The Dawn of Belle Epoque by Mary McAuliffe
Emile Zola: A Biography by Alan Schom

Herman Melville’s Bicentennial
Do you know that 2019 marks Melville’s 200th anniversary? It would be perfect to celebrate it by rereading Moby Dick. Brona has mentioned that she might host a readalong or something… *fingercross*. But, readalong or not, I think I might do it anyway.

My 3rd  year of The Classics Club part II
Like I said before, this one will continue. I will read about 12 books along the year, but will not decide the titles. 2019 is my third year for the second round of The Classics Club, and I have about 35 titles to choose from. And of course, I am looking forward to next year’s #CCSpin, which will help me picking the titles I shall read.

My TBR Pile
Finally, there are a lot of non-classics in my TBR pile still. I might pick one or two, or more, whenever I feel like it, during 2019. Besides, I might want to read fresh-bought books, instead of the existing TBR! :P

Well, doesn’t my 2019 look quite fun? I’m excited to start it!

Friday, December 7, 2018

A Spiritual Canticle by St. John of the Cross

I have been meaning to read this book for some times, but I have always dreaded I won’t have enough time to plough the depth of the canticle. So, I have decided to read the forty stanzas in forty weeks—one stanza a week. I read the Indonesian translation, along with comments that St. John added later, which I found very helpful to understand (a little more) the canticle.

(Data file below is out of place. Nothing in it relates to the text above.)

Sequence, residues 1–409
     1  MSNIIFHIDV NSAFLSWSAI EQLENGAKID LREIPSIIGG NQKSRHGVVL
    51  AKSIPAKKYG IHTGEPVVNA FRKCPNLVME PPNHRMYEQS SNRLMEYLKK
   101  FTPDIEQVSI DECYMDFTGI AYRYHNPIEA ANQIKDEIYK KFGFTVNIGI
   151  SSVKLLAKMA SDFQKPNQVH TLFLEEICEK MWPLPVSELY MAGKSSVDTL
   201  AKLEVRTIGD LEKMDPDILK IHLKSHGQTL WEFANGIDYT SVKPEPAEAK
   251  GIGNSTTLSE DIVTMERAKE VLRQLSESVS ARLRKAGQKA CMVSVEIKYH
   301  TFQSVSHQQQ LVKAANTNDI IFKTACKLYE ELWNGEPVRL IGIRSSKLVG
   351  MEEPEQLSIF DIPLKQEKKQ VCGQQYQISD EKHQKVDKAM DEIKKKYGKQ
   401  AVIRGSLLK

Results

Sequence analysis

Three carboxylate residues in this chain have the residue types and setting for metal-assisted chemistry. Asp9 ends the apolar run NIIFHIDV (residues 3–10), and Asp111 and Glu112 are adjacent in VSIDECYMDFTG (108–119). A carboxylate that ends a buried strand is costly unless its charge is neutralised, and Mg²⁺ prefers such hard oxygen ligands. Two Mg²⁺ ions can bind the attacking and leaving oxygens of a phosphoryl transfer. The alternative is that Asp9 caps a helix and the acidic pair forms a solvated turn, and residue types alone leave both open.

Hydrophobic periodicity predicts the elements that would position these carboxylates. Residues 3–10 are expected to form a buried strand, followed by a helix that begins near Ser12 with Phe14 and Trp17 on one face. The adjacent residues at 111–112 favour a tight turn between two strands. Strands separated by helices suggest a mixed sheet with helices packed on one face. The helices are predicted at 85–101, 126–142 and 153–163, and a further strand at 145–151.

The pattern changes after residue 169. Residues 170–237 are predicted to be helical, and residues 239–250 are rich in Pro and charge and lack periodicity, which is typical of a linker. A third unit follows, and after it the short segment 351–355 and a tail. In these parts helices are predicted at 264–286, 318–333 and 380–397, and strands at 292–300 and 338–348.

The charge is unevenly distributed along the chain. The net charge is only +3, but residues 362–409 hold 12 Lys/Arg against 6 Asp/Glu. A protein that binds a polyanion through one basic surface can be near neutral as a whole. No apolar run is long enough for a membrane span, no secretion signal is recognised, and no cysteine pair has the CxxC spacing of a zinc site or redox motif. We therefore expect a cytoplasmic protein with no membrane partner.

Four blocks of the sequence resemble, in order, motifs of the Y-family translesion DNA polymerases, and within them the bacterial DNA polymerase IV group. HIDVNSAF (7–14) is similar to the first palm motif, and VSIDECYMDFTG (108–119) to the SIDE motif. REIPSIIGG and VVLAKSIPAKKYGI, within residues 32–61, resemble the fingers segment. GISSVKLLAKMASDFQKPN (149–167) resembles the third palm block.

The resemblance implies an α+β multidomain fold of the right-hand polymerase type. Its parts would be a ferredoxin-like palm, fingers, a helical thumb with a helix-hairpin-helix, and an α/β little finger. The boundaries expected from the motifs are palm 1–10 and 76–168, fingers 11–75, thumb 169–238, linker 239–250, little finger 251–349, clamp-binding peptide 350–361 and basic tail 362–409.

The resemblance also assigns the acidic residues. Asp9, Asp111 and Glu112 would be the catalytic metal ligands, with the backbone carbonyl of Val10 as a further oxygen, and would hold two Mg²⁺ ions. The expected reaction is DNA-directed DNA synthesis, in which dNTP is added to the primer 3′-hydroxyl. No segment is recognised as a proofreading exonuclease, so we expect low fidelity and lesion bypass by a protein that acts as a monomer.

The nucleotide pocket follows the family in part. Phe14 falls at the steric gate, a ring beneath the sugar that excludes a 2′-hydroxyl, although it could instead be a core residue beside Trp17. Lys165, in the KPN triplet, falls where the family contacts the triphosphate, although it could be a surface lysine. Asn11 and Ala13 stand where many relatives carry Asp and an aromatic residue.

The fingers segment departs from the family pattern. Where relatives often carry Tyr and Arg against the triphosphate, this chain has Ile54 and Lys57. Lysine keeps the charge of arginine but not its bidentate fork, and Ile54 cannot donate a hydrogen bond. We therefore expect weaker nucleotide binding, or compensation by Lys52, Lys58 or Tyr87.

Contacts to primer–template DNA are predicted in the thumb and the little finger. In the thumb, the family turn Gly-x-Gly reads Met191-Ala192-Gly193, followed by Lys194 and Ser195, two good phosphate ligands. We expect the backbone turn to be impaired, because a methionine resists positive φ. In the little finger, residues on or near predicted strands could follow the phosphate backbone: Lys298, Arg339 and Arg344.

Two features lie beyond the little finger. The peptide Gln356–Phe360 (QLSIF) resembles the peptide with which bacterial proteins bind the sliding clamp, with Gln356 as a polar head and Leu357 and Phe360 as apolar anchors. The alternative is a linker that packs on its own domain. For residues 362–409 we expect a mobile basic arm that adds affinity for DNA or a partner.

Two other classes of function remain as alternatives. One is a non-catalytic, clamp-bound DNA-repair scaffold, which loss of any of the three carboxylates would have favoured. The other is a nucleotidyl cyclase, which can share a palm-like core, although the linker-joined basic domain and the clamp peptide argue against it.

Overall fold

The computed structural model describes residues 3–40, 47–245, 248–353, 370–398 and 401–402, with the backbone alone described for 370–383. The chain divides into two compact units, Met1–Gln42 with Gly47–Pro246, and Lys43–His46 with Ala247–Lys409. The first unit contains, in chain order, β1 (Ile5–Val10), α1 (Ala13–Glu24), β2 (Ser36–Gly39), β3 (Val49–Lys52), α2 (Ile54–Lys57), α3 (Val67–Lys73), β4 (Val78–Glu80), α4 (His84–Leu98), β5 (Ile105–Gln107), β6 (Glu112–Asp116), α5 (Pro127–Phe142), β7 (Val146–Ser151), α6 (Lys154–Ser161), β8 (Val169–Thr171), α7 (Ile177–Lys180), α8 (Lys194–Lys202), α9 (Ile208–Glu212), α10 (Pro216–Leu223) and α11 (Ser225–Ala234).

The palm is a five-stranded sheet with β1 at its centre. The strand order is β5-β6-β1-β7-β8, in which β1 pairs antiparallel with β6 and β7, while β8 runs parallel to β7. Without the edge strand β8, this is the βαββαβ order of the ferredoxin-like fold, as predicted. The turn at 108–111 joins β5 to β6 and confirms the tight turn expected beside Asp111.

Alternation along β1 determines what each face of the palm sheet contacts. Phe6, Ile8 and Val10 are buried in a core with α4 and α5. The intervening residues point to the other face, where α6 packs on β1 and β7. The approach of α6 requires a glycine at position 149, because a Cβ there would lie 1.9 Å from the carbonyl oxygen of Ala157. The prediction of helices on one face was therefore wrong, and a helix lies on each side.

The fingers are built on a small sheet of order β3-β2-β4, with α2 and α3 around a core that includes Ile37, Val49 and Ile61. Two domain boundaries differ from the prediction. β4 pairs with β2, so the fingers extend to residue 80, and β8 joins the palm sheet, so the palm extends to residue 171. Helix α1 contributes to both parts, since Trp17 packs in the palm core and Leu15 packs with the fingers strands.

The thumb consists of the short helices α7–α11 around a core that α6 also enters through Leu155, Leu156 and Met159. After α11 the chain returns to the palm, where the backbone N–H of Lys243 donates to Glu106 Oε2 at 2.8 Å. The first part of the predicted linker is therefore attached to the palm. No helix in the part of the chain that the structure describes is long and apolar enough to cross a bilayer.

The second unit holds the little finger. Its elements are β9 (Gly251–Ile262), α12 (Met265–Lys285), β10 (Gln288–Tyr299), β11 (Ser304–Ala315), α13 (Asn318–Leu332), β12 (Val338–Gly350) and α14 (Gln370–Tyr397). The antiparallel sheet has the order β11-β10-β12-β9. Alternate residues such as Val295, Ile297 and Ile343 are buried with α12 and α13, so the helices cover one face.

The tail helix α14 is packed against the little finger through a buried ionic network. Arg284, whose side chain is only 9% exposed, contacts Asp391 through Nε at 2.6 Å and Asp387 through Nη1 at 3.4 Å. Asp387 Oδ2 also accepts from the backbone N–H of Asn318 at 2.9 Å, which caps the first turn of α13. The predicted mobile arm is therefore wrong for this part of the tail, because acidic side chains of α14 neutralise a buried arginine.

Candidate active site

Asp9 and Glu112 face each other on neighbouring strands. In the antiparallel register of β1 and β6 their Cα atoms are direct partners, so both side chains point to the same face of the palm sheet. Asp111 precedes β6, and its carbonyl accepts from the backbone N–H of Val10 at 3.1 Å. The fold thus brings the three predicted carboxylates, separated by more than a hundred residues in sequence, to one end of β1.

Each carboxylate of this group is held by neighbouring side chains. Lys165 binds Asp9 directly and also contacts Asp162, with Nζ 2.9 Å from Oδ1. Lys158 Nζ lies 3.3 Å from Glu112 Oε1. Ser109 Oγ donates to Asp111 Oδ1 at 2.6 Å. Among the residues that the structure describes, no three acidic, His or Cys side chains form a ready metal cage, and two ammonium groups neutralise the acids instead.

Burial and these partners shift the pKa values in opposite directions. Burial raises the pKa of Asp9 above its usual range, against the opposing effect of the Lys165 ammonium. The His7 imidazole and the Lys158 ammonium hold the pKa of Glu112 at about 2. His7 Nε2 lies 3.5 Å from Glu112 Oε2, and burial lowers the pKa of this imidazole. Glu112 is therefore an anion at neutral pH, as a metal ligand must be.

Let me give you a peek of some earlier stanzas:

Stanza #1
Where have You hidden Yourself,
And abandoned me in my groaning, O my Beloved?
You have fled like the hart,
Having wounded me.
I ran after You, crying; but You were gone.

It’s about a soul’s search for unity with God—pictured as a bride who is seeking her bridegroom. It loves God so much that it hurts—longing for the perfect happiness, which is unity with God in Heaven. But when it is still on earth, it must be satisfied by just getting a glimpse of Him. Right when it feels Him, He would flash out of its reach; and this bleeds the soul so much more.

Stanza #2
O shepherds, you who go
Through the sheepcots up the hill,
If you shall see Him
Whom I love the most,
Tell Him I languish, suffer, and die.

The soul needs an intermediary (pictured as shepherds) to express its love lamentation to God (pictured as hill—or the highest peak). Here the commentator suggests that the intermediary could be its own longing and affection; or it could also means the angels—I am more inclined of the latter. So the soul begs the angels to speak about its sorrowful love to Him (whom the angels could reach easier than the soul) when the time is right for Him (or if God is willing) to listen to it (“if you shall see Him”). Here the soul does not demand anything; it just gives hints about its anguish and let the Lover do what He desires. By humbling itself, God would take more pity to the soul.

Stanza #3
In search of my Love
I will go over mountains and strands;
I will gather no flowers,
I will fear no wild beasts;
And pass by the mighty and the frontiers.